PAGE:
What’s with this infatuation with running and the near-mandatory ritual of preening about it?

Honestly? I was thinking, at about that point, that the column was going to be a brilliant metaphor–how the completely innocuous act of running, and our wearing of running-specific gear, was how we *should* be treating the display of, say, religious or political affiliations. Nobody gets bent out of shape because someone else is wearing a shirt from a local 5K race, after all. Except, Stafko does get bent out of shape over such shirts, opining that they are only worn to make the wearer feel superior to all the non-runners (and, importantly, to make the non-runners feel inferior). Apparently (and I would love to be wrong), the Stafko piece is literally about running, runners’ apparel, and showing off. Pretty much all of the commenters take it that way–including one commenter with a pitch-perfect reply:

There is one kind display I see almost daily on the internet: a small white, rectangle printed with up to 500 words. In case you’re lucky enough not to know what these words represent, let me explain: They indicate that the poster or who posted it can write.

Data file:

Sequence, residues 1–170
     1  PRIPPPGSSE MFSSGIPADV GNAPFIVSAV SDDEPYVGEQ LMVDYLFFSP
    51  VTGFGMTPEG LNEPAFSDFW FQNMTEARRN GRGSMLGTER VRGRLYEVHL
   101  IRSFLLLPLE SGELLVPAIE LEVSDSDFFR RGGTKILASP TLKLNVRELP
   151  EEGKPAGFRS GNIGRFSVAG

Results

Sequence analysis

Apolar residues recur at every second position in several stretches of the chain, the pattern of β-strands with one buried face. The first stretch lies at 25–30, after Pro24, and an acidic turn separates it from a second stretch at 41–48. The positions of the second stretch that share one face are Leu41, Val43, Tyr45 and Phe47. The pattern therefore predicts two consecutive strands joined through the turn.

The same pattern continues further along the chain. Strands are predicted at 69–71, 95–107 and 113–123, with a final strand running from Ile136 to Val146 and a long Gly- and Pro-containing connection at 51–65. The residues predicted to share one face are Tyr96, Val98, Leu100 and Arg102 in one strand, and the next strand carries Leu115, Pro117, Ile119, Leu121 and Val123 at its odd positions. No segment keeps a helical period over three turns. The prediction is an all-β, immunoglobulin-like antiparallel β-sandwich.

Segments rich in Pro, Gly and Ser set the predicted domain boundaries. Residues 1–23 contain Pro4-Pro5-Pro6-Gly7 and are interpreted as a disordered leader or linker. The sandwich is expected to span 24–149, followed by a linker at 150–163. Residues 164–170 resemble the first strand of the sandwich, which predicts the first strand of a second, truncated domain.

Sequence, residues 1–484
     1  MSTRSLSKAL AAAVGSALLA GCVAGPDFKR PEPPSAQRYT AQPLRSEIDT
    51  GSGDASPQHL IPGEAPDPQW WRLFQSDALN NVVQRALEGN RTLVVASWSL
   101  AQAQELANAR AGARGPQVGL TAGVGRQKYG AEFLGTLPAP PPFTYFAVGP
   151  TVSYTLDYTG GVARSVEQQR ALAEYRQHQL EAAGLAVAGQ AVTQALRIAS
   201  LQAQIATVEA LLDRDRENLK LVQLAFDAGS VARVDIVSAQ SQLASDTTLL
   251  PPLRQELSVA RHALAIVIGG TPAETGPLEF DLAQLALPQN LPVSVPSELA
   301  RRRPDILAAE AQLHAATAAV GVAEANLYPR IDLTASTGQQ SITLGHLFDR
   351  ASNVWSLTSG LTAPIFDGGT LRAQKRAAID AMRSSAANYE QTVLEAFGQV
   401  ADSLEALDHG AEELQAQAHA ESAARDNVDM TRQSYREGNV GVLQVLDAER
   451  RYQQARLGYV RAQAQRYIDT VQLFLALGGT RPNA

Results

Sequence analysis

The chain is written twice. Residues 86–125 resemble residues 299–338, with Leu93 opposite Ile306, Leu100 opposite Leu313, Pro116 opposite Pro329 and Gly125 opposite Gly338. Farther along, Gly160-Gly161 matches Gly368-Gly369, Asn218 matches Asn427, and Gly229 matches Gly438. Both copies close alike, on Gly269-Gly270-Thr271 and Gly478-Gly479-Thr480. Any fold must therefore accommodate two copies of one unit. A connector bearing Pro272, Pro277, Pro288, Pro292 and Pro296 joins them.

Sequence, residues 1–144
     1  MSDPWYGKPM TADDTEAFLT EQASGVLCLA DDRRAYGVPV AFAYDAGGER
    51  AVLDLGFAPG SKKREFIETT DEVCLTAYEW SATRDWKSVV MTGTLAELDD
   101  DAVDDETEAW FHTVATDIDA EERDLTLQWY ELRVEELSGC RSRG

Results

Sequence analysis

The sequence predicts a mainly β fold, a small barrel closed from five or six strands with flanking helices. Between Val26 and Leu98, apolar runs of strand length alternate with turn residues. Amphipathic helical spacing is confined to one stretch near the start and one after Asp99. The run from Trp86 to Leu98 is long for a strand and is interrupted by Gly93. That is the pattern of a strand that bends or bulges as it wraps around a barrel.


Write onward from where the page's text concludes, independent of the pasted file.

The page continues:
There is only one reason writers become published with a byline. They want the rest of us to know about their publications. So let me be the first to offer my hearty congratulations. I’d even offer to give them a pat on the back—once they’re done doing it themselves.

What’s with this infatuation with writing an opinion article and the near-mandatory ritual of preening about it?

(it continues, translating the entire piece perfectly.)

Runner’s World offers their own translation of Stafko’s piece, from Bizarre Angry Rant into English, which is fun. Predictably, the commenters there are once again too literal, and see the snarky translation as every bit as small-minded as the original piece. Oh, well.

I wish it had been a story on how we should treat the various divisions in our societies as trivially as we treat the t-shirts we wear… but then I remember the t-shirt ads I used to get during the political season, and I shudder for humanity’s future.

But if you want a T-shirt that really and truly allows you to feel superior to everybody who is not wearing one, I do have some suggestions.